Kristen Stewart’s brilliant performance isn’t enough to save Olivier Assaya’s murky French drama Personal Shopper. Stewart plays a woman who is working as a personal shopper for an obnoxious celebrity, but she really identifies as a medium. She is grieving her twin brother, who died a few months before. He was also a medium, and the two had resolved that the first to die would contact the survivor from Beyond. As Personal Shopper opens, she is walking around her brother’s house and muttering his name without turning on any lights. Does she find him? Does she find something even scarier? Do we care?
Assayas takes Personal Shopper bouncing along between movie genres – from Ghost Story to a moment of Horror, then to Mystery Thriller and finally Ghost Story again. Some critics have credited him with a highly original approach to an exploration of grief. But, no, Personal Shopper is just a mess. Grief has shocked the main character into a malaise, but Personal Shopper keeps changing its focus to her fears and her sexuality. If you want to see a good movie about grief, try Manchester by the Sea, Five Nights in Maine or Rabbit Hole.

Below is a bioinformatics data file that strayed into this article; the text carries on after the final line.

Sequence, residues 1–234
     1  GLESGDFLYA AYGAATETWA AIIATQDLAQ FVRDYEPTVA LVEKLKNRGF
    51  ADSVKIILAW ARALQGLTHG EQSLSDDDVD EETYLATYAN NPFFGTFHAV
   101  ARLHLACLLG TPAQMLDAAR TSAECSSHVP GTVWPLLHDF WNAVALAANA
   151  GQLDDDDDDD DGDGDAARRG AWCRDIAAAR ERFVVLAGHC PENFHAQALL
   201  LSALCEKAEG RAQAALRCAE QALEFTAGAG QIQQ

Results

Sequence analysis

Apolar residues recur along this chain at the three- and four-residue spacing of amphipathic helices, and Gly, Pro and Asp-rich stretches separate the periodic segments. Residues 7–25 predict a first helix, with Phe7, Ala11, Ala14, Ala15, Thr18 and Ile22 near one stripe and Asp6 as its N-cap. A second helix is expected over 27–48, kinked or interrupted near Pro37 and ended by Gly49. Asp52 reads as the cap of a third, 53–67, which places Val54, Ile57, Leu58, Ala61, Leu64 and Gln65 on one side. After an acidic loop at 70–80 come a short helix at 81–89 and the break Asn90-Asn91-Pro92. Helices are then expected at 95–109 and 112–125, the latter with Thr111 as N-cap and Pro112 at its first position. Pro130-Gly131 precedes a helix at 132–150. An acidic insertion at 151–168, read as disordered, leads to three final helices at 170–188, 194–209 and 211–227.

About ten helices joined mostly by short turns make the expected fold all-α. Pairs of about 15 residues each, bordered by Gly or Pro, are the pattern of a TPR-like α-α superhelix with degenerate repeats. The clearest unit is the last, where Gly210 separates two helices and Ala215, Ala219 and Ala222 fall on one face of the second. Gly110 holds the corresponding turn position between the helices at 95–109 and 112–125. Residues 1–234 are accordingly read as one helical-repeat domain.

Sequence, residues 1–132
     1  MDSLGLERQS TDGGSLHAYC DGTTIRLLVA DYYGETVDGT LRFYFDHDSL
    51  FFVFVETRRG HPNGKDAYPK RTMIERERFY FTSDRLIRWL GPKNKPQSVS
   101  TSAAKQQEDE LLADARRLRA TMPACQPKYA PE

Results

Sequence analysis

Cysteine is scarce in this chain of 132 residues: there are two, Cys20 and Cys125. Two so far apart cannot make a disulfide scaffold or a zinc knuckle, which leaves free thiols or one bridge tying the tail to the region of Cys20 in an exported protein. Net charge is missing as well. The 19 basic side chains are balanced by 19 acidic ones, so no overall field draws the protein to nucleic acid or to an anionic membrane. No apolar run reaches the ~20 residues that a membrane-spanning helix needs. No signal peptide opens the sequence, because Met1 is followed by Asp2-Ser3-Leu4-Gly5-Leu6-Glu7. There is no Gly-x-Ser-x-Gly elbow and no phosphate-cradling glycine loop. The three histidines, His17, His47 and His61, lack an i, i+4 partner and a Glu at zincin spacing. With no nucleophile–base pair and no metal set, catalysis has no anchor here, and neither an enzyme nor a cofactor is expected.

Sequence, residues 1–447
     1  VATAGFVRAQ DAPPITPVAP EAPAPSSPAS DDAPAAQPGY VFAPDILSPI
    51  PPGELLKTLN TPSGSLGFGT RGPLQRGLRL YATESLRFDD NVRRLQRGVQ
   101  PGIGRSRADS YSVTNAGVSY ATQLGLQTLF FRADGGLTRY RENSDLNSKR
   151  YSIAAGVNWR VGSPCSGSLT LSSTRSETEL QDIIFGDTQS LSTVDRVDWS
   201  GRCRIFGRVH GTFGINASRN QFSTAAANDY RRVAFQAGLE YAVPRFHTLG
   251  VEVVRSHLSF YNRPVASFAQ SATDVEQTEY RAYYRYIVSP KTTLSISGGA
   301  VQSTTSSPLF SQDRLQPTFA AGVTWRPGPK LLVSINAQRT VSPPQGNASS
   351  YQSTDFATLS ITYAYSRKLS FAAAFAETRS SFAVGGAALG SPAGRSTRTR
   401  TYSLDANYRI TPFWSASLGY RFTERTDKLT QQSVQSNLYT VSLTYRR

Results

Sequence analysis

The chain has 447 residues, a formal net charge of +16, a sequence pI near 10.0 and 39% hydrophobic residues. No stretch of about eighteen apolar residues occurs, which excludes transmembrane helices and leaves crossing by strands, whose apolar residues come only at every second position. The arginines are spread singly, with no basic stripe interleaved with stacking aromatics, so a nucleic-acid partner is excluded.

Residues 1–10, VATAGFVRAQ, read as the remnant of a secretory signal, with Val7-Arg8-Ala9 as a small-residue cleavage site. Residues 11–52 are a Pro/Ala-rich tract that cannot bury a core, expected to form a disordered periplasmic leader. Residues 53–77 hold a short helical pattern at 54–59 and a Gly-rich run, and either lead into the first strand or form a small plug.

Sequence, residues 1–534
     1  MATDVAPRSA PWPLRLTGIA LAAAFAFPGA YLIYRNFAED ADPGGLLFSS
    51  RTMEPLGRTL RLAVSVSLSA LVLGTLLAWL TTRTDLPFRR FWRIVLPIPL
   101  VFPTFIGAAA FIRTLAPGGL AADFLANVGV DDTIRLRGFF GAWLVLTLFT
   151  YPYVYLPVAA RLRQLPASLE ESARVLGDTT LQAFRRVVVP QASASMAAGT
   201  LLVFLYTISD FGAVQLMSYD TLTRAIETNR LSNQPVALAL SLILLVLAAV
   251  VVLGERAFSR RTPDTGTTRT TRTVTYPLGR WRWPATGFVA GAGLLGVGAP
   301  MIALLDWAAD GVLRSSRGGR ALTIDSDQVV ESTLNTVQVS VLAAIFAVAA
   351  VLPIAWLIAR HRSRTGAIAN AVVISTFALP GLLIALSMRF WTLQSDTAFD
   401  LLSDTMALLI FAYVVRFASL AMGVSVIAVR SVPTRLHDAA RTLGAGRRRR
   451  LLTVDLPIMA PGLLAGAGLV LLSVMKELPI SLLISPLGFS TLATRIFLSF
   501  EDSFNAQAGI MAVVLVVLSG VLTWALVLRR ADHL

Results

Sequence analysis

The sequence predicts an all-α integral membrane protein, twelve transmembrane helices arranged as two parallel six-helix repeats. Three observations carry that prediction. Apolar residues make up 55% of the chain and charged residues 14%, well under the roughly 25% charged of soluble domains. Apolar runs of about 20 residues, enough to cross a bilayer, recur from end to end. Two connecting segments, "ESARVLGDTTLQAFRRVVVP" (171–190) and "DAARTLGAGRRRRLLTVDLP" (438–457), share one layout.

Near the beginning of Personal Shopper, there’s some very clumsy exposition – as if a character were reading from the Wikipedia page on spiritualism. The big mystery in Personal Shopper is who is sending her texts, and that question is never resolved. I’m usually OK with ambiguous movie endings, but this would have bothered me if I had cared.
Nonetheless, Kristin Stewart is superb. Stewart seems completely natural when her character feels deep terror, grief or fascination and also when her emotions are stunted or repressed and her affect is blunted. There’s a moment of auto-eroticism that is very, well, erotic. Stewart holds our attention in every scene. She’s so damned watchable that we always want to know what her character is thinking and about to do.
Stewart may be good, but Personal Shopper is not worth 105 minutes of anyone’s life.